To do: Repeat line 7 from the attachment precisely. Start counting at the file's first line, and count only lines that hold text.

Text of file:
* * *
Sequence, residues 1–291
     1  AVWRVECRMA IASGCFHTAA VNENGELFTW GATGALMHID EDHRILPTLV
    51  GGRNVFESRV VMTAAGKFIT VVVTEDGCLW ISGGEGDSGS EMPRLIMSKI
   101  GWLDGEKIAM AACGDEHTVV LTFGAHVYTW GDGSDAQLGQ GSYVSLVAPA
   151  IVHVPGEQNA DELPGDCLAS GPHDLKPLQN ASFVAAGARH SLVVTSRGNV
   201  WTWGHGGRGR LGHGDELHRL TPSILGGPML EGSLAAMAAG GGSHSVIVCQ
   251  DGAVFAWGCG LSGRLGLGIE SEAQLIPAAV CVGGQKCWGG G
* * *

   251  DGAVFAWGCG LSGRLGLGIE SEAQLIPAAV CVGGQKCWGG G